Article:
The NFL has assembled an all-Black officiating crew for the first time to work Monday night's game between the Los Angeles Rams and Tampa Bay Buccaneers, citing the opportunity to recognize the league's history and recent practices in diversifying its officiating department.
"This historic Week 11 crew is a testament to the countless and immeasurable contributions of Black officials to the game, their exemplary performance, and to the power of inclusion that is the hallmark of this great game," NFL executive vice president of football operations Troy Vincent said.
The crew will be led by referee Jerome Boger and includes four members of his 2020 crew. Monday night's group will include umpire Barry Anderson, down judge Julian Mapp, line judge Carl Johnson, side judge Dale Shaw, field judge Anthony Jeffries and back judge Greg Steed.
"I am proud of my heritage and excited about my participation in this historic game," Boger said. "The opportunity to work with a great group of Black officials and exhibit our proficiency in executing our assignment is something I am really looking forward to.''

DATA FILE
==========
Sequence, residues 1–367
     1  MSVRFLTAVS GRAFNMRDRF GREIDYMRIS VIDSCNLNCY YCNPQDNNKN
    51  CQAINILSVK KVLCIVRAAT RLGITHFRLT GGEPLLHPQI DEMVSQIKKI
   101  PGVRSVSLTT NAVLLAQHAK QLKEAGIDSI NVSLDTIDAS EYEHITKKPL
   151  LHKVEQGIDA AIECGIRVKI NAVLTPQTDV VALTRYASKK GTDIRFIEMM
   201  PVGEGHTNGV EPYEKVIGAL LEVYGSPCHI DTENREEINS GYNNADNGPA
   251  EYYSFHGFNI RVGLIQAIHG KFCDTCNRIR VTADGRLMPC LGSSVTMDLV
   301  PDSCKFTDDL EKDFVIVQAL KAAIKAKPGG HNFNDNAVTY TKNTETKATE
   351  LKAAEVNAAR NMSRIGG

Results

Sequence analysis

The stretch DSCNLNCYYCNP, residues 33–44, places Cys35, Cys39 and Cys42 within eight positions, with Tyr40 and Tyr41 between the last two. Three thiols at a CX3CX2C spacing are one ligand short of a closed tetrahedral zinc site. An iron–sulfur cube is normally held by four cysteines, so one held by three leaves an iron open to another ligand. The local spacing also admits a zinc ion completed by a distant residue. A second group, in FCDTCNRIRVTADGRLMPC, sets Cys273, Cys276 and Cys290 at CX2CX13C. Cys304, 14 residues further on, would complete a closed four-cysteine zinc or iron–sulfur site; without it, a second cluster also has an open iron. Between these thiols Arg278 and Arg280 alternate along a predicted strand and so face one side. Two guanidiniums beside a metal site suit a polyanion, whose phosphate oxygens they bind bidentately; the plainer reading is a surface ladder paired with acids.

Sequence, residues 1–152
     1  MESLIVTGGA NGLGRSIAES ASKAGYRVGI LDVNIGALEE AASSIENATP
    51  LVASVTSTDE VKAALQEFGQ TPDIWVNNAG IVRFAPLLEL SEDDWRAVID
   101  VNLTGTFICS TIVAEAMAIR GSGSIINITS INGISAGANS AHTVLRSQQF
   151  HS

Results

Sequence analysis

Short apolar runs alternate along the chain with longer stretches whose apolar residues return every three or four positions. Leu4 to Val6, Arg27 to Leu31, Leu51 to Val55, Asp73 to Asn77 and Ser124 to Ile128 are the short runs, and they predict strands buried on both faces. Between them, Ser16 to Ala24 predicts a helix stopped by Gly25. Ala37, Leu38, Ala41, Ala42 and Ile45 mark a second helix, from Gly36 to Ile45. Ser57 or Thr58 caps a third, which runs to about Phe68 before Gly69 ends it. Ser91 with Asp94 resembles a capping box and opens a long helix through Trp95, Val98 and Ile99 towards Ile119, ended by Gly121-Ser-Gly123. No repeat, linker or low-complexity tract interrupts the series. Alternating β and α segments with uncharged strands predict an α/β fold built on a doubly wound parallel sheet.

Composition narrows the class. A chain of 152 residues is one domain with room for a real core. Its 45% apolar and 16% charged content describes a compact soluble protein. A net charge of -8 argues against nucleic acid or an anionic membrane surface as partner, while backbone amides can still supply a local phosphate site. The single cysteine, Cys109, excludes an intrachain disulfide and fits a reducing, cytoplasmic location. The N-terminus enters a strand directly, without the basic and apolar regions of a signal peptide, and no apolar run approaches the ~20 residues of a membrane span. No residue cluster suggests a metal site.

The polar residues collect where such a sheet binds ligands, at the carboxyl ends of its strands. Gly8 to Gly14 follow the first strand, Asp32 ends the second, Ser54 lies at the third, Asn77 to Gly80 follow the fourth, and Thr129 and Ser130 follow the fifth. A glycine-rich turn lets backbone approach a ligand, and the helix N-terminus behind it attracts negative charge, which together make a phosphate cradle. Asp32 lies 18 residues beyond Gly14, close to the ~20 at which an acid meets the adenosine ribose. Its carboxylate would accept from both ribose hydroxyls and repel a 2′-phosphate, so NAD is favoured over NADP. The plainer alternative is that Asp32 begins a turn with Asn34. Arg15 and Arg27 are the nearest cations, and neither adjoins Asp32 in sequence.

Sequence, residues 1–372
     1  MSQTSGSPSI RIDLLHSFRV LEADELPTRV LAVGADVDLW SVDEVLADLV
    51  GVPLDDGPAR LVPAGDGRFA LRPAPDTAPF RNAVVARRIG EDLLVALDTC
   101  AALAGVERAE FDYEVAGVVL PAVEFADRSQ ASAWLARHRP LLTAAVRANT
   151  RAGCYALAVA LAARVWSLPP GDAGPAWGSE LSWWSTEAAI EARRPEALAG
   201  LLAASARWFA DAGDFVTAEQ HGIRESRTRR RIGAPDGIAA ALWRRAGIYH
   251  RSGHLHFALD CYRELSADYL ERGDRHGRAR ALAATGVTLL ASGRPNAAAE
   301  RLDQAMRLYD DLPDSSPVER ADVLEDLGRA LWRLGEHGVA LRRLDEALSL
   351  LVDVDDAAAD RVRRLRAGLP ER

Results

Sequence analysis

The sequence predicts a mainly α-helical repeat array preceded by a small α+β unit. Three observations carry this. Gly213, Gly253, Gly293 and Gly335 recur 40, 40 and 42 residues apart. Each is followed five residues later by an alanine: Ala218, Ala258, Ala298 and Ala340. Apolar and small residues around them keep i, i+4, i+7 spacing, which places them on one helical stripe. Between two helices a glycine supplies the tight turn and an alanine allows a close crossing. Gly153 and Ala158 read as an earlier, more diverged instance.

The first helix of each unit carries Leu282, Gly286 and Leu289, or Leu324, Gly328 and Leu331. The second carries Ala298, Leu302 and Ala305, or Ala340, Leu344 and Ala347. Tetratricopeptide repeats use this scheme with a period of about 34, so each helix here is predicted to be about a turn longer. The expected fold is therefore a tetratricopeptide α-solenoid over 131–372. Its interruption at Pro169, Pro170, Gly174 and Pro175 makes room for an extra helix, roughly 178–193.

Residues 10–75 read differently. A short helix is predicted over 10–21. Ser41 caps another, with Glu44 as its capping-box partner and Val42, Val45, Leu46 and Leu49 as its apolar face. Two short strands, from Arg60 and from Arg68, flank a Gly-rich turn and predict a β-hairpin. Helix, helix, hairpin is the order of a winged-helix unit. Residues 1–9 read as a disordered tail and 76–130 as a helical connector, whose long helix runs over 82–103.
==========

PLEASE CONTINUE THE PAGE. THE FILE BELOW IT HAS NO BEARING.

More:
The NFL typically assembles its 17 officiating crews prior to the season and works to keep them together for each game to promote cohesion and communication. It organized the crews by home geography this season because of the coronavirus pandemic, giving officials the option to drive rather than fly to games if desired.
Johnson, who lives in Louisiana, and Steed, who lives near Washington, D.C., were pulled from other crews.
Four of the NFL's 17 referee/crew chiefs are Black -- Boger, Ron Torbert, Adrian Hill and Shawn Smith -- a higher percentage than for NFL coaches or general managers. Two members of its three-man leadership team, senior vice president of officiating Al Riveron and senior vice president of officiating administration Perry Fewell, are minorities. The NFL hired Burl Toler, the first Black official in any major sports league, in 1965.